DFP told auditors that while it accepted the “overall principle” of notifying government agencies that employees had been convicted of fraud it was still “considering” the issue in the context of wider counter fraud arrangements.
However, in what is being seen as a clear warning to government agencies, Auditor General Kieran Donnelly said: “In NIAO’s view, it is essential that where fraud is proven against a public sector worker through prosecution, this information is shared with the relevant employing authority, so that the full range of sanctions can be applied.”ROADS SERVICE IGNORING A £3.6m BLUE BADGE FRAUD?
The NFI report uncovered additional evidence that public bodies had overpaid 500 creditors by more than £386,000 during the two years under investigation.
A total of £2m was paid to pensioners who were already dead.
One education board was found to have made £70,000 in financial errors, while another health trust made a £30,000 duplicate payment to one creditor.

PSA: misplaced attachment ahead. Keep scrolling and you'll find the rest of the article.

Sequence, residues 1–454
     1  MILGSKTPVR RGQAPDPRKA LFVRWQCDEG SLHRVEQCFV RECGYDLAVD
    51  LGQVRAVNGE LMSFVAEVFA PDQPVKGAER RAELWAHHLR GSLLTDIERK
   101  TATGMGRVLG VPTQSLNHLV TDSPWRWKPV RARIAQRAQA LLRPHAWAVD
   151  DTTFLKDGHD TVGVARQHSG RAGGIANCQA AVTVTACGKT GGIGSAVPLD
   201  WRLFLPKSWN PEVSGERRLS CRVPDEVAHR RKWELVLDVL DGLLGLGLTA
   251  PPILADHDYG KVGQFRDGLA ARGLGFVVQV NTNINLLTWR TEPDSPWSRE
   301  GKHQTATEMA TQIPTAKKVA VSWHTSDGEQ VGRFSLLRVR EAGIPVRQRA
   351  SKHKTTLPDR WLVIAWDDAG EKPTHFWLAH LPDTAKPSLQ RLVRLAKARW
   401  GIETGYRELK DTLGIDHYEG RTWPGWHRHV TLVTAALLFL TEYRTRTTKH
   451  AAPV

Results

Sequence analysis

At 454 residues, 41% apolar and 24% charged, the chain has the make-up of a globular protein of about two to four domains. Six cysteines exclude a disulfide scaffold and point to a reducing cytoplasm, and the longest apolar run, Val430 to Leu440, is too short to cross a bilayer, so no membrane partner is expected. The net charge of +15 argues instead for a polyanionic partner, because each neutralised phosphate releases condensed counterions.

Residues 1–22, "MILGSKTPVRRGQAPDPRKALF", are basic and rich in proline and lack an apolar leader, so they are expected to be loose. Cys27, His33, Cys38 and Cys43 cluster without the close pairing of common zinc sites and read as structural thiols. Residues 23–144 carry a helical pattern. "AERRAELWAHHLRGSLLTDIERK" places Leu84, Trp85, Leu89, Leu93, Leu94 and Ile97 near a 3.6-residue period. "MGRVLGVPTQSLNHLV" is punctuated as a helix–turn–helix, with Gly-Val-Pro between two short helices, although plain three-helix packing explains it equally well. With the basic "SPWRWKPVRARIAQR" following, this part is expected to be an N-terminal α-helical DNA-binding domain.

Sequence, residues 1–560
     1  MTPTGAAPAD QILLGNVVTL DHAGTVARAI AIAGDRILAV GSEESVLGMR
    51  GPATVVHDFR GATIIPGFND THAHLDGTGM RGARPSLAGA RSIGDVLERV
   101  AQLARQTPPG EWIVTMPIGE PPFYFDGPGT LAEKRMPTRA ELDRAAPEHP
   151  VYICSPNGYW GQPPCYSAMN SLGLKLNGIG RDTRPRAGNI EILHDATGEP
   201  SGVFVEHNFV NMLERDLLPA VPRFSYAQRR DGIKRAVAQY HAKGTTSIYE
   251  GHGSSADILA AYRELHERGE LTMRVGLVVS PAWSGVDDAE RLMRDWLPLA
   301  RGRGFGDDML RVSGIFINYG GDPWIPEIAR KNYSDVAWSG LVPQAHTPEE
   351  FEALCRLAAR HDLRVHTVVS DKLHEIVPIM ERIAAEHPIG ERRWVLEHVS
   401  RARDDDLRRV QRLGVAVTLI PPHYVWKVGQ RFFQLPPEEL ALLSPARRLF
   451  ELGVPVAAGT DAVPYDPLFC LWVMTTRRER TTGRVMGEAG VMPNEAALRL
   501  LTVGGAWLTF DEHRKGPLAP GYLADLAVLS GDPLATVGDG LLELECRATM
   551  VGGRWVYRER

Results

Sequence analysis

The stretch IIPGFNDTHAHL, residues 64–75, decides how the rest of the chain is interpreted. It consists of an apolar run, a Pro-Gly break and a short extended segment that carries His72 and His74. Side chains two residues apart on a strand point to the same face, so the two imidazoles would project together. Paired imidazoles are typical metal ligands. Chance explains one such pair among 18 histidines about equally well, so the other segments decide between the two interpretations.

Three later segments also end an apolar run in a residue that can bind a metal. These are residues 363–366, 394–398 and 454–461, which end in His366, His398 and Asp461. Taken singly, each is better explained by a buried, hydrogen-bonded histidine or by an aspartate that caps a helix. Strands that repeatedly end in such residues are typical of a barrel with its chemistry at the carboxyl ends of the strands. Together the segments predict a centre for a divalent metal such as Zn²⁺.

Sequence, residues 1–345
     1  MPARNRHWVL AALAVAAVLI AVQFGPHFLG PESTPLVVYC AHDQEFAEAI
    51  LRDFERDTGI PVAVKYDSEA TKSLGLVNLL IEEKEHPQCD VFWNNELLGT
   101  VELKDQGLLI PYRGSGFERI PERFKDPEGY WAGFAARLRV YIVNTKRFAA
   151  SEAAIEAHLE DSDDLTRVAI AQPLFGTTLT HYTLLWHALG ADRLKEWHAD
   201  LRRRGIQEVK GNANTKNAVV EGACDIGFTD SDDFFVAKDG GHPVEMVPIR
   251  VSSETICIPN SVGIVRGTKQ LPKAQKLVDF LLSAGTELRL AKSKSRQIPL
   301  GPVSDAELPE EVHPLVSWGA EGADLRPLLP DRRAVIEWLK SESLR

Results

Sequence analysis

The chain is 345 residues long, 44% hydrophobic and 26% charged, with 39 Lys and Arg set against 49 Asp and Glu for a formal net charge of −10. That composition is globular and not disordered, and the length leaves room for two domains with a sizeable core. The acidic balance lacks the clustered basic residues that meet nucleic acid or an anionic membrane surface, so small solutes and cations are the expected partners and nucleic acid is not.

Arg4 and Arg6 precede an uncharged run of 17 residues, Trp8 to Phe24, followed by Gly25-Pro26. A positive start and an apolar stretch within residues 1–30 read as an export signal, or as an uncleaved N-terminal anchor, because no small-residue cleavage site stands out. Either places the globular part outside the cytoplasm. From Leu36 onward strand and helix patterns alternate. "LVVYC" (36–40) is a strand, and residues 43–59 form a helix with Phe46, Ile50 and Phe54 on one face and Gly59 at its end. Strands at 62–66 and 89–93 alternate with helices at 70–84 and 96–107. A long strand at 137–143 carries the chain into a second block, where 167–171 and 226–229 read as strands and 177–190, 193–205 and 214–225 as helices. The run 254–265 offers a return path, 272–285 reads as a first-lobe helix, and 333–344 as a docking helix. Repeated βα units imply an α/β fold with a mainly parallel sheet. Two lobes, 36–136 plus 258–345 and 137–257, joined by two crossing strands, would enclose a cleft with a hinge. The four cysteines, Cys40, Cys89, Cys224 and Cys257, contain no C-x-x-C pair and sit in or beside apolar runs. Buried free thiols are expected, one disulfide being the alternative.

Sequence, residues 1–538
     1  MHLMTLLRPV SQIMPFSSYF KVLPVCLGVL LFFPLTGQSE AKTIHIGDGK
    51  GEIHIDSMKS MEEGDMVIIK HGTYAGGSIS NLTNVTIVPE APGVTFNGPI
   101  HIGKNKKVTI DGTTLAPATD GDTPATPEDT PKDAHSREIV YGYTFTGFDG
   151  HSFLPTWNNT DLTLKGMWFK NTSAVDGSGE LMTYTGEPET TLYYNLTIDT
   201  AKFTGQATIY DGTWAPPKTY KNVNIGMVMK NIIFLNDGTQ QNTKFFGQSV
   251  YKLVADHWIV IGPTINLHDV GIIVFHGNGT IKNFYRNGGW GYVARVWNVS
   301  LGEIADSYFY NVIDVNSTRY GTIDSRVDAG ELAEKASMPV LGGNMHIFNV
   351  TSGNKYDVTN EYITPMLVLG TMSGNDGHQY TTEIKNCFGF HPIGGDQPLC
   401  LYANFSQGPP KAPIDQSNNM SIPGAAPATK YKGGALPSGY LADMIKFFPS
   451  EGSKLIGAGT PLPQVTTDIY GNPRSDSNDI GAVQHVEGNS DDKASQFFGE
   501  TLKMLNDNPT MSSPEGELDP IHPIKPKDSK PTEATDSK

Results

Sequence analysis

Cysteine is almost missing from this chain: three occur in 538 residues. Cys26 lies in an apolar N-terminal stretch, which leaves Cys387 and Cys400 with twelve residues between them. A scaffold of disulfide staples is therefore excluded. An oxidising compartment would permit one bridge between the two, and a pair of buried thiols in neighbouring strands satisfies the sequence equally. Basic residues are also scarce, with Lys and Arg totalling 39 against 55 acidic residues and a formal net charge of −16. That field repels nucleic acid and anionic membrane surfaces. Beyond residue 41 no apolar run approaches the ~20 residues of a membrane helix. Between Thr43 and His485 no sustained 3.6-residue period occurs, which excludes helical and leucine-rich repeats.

Two local councils and a third agency made duplicate payments totalling nearly £47,000.
However auditors expressed most concerns over the Roads Service’s management of a Blue badge scheme for disabled drivers.
An estimated 21,000 of the 104,000 Blue badges issued in Northern Ireland are thought to be used fraudulently.
When data relating to Blue badge holders was matched against official death records more than 7,319 potential cases of fraud were identified.
When alerted Roads Service investigated 157 of these cases.
While the department said no fraud was found in any of the cases, all of the badges were cancelled.